In order to celebrate the lovely weather we’ve been having we decided to give our last show a summer theme and talked about the Boulting Brothers 1947 movie ‘Brighton Rock’. This is based on Graham Greene’s 1938 novel of the same name. We’ve covered Greene before when we did Carol Reed back in 2010.
On the surface this is a crime story – it’s often referred to as British Noir and was re-titled ‘The British Scarface’ for the
market. Like much of Greene’s work,
though, there is a strong anti-Catholic vein running through it. Polite reviewers of Greene tend to refer to
this as a “challenge to Catholic Doctrine”.
I feel something much nastier and poisoness going on, maybe a
manifestation of (Catholic) Greene’s own self hatred.
The plot centers on an underworld criminal gang based in
Brighton. Their leader has recently been executed and 17
year old Pinkie Brown has stepped into his shoes. Pinkie is played by Richard
Attenborough who had also played the role on stage. Most reviews of this film
refer to Pinkie as either a ‘psychopath’ or a ‘sociopath’. Greene refers to the
character as “Peter Pan”. Greene claimed ,horrifying, ‘the child who doesn’t grow
up remains the great champion of justice’. Pinkie is certainly presented as
petulant, expecting high standards of behavior from others but “his crimes have
an excuse”. This is evident on the two occasions in the film when Pinkie finds
himself cornered and faced with the consequences of his actions. The look of
utter incredulity on his face sums his character up more than any of his
dialogue. In order to be allowed to film
in Brighton the film makers had to open the film with an on screen blurb about
how Brighton’s problems with crime were in the
past, as the council did not want to discourage tourists from visiting the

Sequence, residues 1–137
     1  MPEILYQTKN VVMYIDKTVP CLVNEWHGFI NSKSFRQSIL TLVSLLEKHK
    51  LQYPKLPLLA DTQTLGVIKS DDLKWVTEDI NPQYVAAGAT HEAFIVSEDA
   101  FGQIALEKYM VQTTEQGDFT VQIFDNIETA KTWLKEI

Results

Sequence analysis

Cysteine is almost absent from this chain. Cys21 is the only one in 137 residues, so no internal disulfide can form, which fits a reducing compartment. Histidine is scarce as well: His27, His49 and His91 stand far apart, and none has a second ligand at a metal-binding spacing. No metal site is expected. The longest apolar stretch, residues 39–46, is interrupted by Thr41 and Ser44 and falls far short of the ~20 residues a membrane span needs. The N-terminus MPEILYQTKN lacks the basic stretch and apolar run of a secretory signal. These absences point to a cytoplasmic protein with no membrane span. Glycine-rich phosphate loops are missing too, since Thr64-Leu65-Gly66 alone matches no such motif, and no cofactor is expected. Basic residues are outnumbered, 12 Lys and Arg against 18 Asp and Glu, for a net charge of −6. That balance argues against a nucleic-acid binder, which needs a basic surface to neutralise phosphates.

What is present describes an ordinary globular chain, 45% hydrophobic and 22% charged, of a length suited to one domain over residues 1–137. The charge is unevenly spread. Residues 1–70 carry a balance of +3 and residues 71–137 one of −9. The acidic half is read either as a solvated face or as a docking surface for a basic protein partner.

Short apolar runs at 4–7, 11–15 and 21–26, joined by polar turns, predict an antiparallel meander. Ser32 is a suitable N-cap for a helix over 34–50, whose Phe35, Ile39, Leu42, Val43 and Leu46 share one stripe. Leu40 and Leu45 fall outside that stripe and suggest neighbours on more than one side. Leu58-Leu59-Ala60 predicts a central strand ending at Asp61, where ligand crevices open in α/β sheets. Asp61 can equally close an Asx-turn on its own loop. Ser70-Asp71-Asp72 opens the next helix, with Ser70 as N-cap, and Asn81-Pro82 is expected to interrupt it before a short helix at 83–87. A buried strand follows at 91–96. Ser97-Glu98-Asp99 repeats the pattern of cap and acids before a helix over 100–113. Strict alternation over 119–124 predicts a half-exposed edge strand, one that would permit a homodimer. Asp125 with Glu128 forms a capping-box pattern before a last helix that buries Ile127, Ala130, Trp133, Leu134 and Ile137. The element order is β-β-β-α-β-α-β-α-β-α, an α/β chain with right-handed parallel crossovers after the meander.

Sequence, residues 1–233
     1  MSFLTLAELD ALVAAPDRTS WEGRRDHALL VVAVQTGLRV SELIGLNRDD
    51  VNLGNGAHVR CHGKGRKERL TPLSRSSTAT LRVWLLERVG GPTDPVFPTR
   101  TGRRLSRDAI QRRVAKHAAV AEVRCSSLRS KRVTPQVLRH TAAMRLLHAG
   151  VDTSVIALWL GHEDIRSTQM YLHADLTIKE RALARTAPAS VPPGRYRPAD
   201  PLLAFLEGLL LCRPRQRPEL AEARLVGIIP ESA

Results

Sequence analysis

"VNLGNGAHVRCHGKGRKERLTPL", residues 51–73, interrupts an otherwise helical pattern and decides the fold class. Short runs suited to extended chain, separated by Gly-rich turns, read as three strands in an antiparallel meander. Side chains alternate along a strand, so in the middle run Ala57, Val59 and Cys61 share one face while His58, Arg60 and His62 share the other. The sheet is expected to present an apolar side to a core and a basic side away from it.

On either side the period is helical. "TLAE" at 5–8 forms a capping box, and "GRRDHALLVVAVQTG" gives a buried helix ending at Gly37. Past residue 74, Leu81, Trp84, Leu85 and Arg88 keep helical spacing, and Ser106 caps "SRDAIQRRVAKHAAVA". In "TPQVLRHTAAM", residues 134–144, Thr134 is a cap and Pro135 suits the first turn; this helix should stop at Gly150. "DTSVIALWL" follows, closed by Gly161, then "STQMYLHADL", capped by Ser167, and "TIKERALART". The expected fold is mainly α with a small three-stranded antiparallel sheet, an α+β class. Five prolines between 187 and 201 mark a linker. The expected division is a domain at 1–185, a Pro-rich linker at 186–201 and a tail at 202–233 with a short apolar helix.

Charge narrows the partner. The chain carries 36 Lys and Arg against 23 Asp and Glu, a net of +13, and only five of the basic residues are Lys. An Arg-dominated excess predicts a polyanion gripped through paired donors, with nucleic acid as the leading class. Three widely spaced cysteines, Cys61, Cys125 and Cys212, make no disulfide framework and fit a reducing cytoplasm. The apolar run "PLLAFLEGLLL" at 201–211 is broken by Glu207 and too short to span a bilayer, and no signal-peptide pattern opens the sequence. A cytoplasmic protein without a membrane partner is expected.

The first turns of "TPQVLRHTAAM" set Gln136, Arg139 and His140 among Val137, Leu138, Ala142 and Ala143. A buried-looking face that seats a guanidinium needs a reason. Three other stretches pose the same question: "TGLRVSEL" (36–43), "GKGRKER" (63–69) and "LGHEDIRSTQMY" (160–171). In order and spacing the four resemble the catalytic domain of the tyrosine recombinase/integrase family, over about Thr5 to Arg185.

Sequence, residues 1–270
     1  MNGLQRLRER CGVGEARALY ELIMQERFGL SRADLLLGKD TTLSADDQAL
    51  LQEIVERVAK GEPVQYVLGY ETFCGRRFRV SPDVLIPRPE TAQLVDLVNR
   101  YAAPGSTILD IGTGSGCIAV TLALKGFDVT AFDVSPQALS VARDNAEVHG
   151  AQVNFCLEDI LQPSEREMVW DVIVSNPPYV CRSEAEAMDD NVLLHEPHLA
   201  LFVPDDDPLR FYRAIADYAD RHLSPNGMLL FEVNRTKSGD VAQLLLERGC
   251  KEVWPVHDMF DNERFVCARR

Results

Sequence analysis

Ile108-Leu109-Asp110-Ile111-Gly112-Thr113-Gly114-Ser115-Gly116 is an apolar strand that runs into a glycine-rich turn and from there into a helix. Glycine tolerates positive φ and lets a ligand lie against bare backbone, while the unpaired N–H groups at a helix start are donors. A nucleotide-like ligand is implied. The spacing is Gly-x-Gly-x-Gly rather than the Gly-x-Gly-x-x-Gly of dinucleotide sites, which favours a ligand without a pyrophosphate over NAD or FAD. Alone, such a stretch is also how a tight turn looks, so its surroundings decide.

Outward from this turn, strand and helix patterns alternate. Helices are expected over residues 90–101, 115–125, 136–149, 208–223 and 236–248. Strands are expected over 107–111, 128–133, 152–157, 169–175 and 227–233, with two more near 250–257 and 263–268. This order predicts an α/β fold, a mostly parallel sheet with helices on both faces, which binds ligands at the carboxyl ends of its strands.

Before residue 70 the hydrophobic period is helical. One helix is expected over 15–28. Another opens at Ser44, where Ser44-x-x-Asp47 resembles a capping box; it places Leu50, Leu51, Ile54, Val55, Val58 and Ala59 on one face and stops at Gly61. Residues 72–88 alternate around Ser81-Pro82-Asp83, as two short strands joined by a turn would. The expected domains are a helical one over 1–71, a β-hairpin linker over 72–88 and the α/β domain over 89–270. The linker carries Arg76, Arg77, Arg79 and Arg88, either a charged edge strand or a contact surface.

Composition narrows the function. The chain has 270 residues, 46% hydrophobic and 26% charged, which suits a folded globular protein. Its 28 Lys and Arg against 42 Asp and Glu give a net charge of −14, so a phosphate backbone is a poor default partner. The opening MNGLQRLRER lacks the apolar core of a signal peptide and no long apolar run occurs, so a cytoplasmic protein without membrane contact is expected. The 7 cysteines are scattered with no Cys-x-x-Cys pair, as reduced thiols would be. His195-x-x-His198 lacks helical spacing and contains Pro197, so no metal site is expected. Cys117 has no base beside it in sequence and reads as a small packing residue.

resort. Pinkie is an unpredictable and
irrational character, unable to effectively lead the gang. He has secured his
position, it seems, because the other gang members fear his violent mood swings
and the gang begins to fall apart as the film progresses.
Pinkie (a Roman Catholic) murders a journalist named Fred Hale. Realising local waitress Rose (also a Roman Catholic) has discovered a clue which could negate Pinkie’s alibi; Pinkie romances Rose and then marries her. The spanner in the works is pier performer Ida Arnold (the standout performance of the film by Hermione Baddley) who, having met Fred on the day of his death, decides to track down his killers. This dynamic is where I start to feel a little uncomfortable; Greene (who co-wrote the screenplay with Terence Rattigan) raises some very interesting and valid questions about ‘morality’ but undermines himself by singling out Catholics.
Ida is the wrong sort of woman. She’s overweight, overdressed, coarse and likes a drink and the company of men. She is the sort of woman the British would describe as ‘common’, a woman who is not respectable. Yet, she has a strong sense of right and wrong and the willingness to actually do the right thing. Pinkie and Rose, do not talk about right and wrong but ‘good’ and ‘evil’. As Catholics they do not answer to men but to God and have little respect for earthly justice. The idea of deferring judgment and responsibility to ‘God’ and the afterlife rather than acting in a morally responsible way on earth is an interesting one. If this idea was explored without making it a specifically Catholic issue it would be superb. Greene believed that Catholics looked down on people who are not Catholics. This seems to be a very interesting and stunningly unself aware piece of projection on Greene’s part;
contempory Evelyn Waugh (who later converted to Catholicism himself) noted
“Graham Greene looked down on us…”
Much of the guilt Pinkie feels in the novel is missing from the script although there are references to the fact Pinkie believes he is living in Hell. There are some nice touches highlighting the subjective point of view we have on life. We see
‘front’ a fresh faced family resort contrasted with the crime ridden backstreets.
Pinkie and Rose, despite living in a grotty boarding house always give a
respectable ‘front’, wearing their Sunday best, whilst Ida, good hearted on the
inside, dresses in a cheap and showy fashion. There is also the recording of Pinkie’s voice
which, because the record is scratched, seems to be a loving message to Rose
but is in fact a vitriolic statement of hatred for her. Greene’s original story
ended with Rose hearing the message in full but the film makers wanted an
upbeat ending. Greene was initially
unhappy with this but then realized that viewers would know it was only a
matter of time before Rose moved the needle over the scratch and that her agony
was merely delayed.
We played summer themed hits on the show including ‘Here Comes Summer’ The Dave Clark Five, ‘Long Hot Summer’ The Style Council and Laura Veirs’ ‘Summer is the Champion’.